Giving highly-appreciated assets to a public charity is a great way for your donors to support your mission. But time and again, we are reminded of the critical importance of following the IRS’s rules for documenting these gifts and securing the charitable deduction when those gifts take the form of highly-appreciated, non-marketable assets such as real estate, closely-held stock, and artwork, all of which are sometimes referred to as “alternative assets.”

Many planned giving professionals are still talking about the news of a Tax Court decision late last year to disallow a $600,000 charitable tax deduction because the taxpayer failed to secure a proper appraisal. Filing a proper Form 8283 seems like a no-brainer because it is mentioned constantly in charitable giving literature. Unfortunately, some taxpayers are still not getting the message. That was the case with a gift of artwork in Heinrich C. Schweizer v. Commissioner, a cautionary tale of what can go wrong–and how expensive it can be–when a donor (in this case, a donor who even worked at Sotheby’s), fails to follow the tax rules and obtain a qualified appraisal.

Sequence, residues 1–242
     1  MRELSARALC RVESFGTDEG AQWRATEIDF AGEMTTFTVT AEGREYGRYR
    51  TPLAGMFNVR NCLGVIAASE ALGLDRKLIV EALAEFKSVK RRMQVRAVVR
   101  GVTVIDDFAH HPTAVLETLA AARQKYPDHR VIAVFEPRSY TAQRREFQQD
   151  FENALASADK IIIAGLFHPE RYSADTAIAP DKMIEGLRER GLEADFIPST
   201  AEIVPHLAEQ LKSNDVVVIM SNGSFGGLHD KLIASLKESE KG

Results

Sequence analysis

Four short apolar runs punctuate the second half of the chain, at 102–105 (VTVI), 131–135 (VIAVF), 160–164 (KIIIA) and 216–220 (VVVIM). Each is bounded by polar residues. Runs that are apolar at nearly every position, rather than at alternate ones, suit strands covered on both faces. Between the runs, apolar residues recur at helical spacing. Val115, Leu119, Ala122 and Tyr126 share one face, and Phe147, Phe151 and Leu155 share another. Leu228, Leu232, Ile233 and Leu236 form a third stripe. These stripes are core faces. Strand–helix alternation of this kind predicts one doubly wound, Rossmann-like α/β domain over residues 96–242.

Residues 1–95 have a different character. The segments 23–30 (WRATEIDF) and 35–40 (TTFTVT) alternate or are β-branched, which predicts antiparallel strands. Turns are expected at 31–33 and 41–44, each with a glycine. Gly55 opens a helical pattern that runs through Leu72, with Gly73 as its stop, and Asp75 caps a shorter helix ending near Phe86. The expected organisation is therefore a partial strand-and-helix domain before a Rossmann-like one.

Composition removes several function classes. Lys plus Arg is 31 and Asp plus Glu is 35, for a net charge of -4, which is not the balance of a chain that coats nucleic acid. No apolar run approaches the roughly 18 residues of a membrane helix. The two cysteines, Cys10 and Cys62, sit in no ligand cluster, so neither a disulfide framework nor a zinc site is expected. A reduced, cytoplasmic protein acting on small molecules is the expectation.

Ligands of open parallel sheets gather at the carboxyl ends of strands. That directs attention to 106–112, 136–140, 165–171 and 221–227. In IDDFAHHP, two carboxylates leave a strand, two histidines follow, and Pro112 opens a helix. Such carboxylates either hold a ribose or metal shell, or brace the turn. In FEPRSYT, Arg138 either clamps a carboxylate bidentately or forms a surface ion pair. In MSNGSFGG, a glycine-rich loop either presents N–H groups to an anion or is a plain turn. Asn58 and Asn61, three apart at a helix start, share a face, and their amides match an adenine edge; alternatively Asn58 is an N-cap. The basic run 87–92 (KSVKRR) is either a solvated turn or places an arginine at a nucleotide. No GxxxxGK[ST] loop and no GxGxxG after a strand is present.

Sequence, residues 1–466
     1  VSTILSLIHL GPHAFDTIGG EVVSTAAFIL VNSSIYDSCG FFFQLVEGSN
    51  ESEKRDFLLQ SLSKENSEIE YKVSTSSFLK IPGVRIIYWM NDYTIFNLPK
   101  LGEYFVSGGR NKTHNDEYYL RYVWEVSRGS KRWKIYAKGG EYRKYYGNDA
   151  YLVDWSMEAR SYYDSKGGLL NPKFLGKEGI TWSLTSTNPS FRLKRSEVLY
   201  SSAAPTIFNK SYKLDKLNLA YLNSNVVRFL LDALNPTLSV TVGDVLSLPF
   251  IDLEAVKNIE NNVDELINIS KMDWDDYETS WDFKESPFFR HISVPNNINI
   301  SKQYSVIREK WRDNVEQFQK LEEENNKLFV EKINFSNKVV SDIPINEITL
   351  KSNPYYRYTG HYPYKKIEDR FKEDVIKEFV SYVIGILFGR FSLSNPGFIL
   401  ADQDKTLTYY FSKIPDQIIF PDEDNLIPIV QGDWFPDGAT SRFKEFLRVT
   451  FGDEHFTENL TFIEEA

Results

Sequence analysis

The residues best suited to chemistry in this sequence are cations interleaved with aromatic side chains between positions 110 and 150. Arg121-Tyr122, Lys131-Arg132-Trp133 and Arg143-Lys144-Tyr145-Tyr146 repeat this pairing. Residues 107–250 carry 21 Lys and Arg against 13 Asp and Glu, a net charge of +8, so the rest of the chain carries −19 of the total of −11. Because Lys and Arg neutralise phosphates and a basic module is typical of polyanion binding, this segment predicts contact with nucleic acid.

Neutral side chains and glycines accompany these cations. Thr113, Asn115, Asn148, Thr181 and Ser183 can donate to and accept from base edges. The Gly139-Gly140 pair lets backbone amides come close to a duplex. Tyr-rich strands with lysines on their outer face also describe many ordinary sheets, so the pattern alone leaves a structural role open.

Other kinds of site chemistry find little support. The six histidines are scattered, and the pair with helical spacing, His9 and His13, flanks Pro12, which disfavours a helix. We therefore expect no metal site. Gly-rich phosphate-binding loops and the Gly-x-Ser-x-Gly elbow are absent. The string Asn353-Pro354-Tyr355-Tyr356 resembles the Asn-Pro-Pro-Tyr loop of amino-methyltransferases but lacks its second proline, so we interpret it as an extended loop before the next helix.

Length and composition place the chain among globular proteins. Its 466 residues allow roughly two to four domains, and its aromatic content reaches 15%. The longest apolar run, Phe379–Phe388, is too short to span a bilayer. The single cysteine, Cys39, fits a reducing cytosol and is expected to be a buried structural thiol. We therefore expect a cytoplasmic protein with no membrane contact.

If your organization is interested in learning more about gifts of alternative assets, please reach out to the Winona Community Foundation. We offer a variety of funds, including an endowment or reserve fund, that can help you ensure your donor’s gift of an alternative asset is properly documented and reported so that the donor can benefit from a tax deduction as well as from the satisfaction of knowing that your organization’s mission is stronger thanks to the gift.